And Now I See . . .

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And Now I See

And Now I See . . .

A Theology of Transformation

Humans yearn for communion with the sacred but are also plagued by sickness of the soul. Award-winning author Robert Barron examines literature and liturgy to guide readers towards healing and transformation by encouraging surrender to the playful, unpredictable, and relentless love of God.

Robert Barron shares the work and insight of spiritual leaders and literary masters to guide us towards a deeper identification with the teachings and vision of Christ.

Discussion of Dante helps us understand the need to acknowledge and wrestle with our Sin; Balthasar, Schleiermacher, and Tillich uncover the fear and dependency inherent in mortal life and reveal how our unlikely existence necessitates our origin in God; Merton opens our minds to trust; and Faulkner, Flannery O’Connor, and doctrines of the church as well as scripture reveal the path of Love and the paradigm of the new humanity.

Barron calls us to come to consciousness, and to God, and celebrates the unique ability of the Christian tradition to awaken our spirits and free our souls.

"Christianity is, above all, a way of seeing . . . What unites figures as diverse as James Joyce, Caravaggio, John Milton, the architect of Chartres, Dorothy Day, Dietrich Bonhoeffer and the later Bob Dylan is a peculiar and distinctive take on things, a style, a way, which flows finally from Jesus of Nazareth. Origen remarked that holiness is seeing with the eyes of Christ. Teihard de Chardin said, with great passion, that his mission as a Christian thinker was to help people see. And Thomas Aquinas said that the ultimate goal of the Christian life is a ‘beatific vision,’ an act of seeing. This book is about coming to vision through Christ.”
—from And Now I See

Reviews and endorsements

"Barron, professor of systematic theology at Mundelein Seminary, near Chicago, offers an accessible exploration of Christian theological concepts. He divides his book into three sections as he examines Christianity as a source of human transformation. In his first section, Barron argues that human nature is alienated from itself and thus humans are in need of a mediator who can draw them back to God and self. The second section takes up a renewed understanding of God in light of the alienated nature of humanity. In his final section, Barron contends that Christ is a healer and reconciler who seeks to draw humanity back into relationship with God. Along the way, Barron draws on sources as diverse as Dante, Paul Tillich, Thomas Merton and Flannery O'Connor."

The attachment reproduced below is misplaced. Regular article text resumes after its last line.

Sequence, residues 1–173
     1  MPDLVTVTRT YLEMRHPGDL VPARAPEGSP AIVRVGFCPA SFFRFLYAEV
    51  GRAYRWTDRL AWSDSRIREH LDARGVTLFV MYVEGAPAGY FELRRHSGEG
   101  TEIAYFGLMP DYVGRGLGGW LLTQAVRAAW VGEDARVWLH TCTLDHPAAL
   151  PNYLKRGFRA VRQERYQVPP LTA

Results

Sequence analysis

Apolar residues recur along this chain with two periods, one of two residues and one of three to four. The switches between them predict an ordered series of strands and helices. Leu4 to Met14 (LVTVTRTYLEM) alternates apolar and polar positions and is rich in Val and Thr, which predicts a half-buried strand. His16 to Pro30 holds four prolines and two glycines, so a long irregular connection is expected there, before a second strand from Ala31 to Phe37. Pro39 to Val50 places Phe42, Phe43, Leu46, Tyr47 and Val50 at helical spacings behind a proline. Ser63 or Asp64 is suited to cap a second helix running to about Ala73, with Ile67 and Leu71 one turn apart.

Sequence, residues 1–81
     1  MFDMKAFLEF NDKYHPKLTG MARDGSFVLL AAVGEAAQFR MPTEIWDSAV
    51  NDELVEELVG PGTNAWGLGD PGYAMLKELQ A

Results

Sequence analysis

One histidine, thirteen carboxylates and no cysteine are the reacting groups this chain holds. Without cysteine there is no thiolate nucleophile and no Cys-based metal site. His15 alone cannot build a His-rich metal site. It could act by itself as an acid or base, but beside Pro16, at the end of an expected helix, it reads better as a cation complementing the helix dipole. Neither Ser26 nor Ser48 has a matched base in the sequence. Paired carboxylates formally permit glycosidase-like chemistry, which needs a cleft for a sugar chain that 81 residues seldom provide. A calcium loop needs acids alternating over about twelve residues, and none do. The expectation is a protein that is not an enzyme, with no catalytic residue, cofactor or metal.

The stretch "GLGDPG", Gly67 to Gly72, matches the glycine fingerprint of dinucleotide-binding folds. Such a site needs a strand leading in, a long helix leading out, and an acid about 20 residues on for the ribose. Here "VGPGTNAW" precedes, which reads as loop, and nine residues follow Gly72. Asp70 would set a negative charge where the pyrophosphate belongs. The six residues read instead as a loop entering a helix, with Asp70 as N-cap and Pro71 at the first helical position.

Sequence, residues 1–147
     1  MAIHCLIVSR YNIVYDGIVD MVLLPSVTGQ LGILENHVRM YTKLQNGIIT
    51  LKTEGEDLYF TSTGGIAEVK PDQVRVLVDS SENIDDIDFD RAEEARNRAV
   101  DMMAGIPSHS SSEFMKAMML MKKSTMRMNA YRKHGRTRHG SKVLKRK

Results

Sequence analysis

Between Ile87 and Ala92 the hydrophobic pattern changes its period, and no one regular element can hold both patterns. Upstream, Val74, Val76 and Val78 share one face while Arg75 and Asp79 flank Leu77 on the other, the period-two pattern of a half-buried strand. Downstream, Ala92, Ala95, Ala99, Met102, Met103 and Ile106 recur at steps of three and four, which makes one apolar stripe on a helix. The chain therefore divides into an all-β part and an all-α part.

Publishers Weekly


"I have reviewed many books over the past thirty years. I have learned from most, admired many, and deeply appreciated some. But of relatively few was I moved to think, 'This is a book I'd love to have written.' Well, Robert Barron's And Now I See . . . is a book I would love to have written. It is a splendid and enchanting work.

Many today trumpet the need, in the post-Vatican II church, for a new integration of theology and spirituality, one that is pastorally sensitive and illuminating. Barron has actually produced such a work. It brings together in a perceptive and deeply pondered way material from the Bible and from the church's dogmatic and theological traditions. But by imaginatively discerning truths of the tradition reflected in the rich and affective literary forms of Dante, Faulkner, and Flannery O'Connor, Barron has sculpted these truths into new and relevant relief. By so doing he has furthered the pastoral task envisioned by Cardinal Newman: to help the merely notional become real and concretely actual for a particular audience and situation.